The current renaissance in western writing dates back at least to 1978, when Elliot Anderson, editor of the literary magazineTriQuarterly, asked William Kittredge and Steven Krauzer to select writers for...

  10. 7 Tribes and Breeds, Coyotes and Curanderas
    (pp. 134-153)

    In his introduction to a special issue of the literary magazinePloughsharesdevoted to the theme of “Tribes,” James Welch tells the story of how, twenty-five years earlier at the University of Montana, an Irish poet who had come there to teach for a year expressed wonder that someone like Welch, who is of Native American ancestry and identifies himself as an Indian, could have come to “have a name like Welch,” so obviously “an Irish name.” Welch explained to the poet that while both of his grandmothers were Indians (one Blackfeet, the other Gros Ventre), both of his grandfathers...

  11. 8 The White Prison Novel as Bildungsroman
    (pp. 154-164)

    Joe Speaker is a young, white, drug-addicted, dope-dealing, strip-show barker about to be sent off to the Big House for the first time. Whisper Moran is “head chingaso” of the San Quentin Aryan Brotherhood, a man so carved up with jailhouse tattoos that the only kind thing awaiting him in this world is the Big Eraser. Says Whisper to Joe, as the two of them await prison in a San Francisco felony tank, “Just remember, homeboy. Do your own time, hold your own mud. It’s simple, just aint always easy.”¹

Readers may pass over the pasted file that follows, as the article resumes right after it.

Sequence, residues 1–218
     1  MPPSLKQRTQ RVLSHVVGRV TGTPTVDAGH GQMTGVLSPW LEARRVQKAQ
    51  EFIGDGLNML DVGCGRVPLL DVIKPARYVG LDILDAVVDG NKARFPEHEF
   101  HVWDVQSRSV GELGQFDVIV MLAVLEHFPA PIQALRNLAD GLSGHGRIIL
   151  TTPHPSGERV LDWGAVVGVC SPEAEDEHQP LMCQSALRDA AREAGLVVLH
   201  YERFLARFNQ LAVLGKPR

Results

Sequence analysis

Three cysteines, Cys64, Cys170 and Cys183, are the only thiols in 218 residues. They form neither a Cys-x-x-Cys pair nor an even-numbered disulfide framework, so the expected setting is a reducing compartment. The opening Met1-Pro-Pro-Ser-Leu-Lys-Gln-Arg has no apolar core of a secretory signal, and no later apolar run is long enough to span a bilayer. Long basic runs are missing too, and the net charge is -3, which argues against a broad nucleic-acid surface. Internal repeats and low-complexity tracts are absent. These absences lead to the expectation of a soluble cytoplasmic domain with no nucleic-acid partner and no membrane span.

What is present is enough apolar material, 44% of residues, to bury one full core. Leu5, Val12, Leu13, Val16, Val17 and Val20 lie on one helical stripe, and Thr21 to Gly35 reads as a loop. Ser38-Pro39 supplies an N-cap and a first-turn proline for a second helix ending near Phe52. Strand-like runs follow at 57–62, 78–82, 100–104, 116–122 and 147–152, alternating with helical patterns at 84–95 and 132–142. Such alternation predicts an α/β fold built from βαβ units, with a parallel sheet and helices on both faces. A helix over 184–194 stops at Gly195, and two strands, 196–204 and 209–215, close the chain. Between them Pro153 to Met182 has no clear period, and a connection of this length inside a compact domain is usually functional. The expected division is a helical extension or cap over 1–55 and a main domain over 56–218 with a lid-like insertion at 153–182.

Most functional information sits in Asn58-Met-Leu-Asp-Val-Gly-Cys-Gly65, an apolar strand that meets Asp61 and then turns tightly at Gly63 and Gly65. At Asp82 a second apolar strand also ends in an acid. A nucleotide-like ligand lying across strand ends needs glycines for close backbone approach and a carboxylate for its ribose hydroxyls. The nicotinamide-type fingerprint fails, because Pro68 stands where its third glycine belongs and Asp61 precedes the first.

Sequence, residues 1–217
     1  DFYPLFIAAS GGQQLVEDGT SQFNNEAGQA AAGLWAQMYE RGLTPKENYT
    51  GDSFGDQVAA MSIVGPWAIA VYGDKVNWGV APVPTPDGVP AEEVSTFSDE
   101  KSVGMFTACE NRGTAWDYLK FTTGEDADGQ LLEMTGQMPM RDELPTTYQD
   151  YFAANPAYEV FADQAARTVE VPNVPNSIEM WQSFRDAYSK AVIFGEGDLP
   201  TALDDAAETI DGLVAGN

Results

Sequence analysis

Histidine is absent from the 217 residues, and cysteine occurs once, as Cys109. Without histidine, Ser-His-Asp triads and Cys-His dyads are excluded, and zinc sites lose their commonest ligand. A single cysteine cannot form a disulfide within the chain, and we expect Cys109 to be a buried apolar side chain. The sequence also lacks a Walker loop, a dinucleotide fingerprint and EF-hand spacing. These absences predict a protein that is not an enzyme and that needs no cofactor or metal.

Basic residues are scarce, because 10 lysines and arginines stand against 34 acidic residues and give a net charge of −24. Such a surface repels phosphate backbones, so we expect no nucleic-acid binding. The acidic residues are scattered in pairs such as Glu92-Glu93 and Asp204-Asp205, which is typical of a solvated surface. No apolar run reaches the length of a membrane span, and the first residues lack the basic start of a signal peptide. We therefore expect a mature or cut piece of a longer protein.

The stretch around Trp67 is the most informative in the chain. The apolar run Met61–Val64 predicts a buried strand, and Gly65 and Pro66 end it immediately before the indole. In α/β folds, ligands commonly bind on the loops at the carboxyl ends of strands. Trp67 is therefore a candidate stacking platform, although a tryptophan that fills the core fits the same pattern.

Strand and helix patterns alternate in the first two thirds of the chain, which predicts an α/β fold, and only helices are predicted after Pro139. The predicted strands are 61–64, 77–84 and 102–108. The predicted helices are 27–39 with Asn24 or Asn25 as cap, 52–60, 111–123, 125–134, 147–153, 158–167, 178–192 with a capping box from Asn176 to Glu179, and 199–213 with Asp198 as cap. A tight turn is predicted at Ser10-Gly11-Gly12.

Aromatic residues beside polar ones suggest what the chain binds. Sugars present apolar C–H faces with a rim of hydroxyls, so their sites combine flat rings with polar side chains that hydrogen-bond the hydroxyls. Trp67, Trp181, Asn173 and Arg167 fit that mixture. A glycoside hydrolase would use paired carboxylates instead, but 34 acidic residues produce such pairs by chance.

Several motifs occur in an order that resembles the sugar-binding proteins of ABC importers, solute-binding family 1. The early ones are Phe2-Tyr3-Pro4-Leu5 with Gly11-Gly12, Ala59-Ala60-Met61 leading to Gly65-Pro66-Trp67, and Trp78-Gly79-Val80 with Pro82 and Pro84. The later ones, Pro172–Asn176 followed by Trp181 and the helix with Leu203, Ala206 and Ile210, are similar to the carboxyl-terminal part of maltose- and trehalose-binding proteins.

This advice, which comes toward the middle of Seth Morgan’s...

  12. Conclusion
    (pp. 165-179)

    In the preceding pages I’ve tried to point out and describe some of the principal strengths of a continuing tradition in American fiction that began, as Hemingway once observed, with Mark Twain’sAdventures of Huckleberry Finn—the first major American novel to combine realism with local color and sophisticated social commentary. American fiction at the end of the millennium embraces past traditions and forms even as it remains resolutelytopical, both in the sense of belonging to a particular location or place, and in the sense of being of current interest, contemporary. This topicality, largely absent from the work of...

  13. Notes
    (pp. 180-195)
  14. Index
    (pp. 196-207)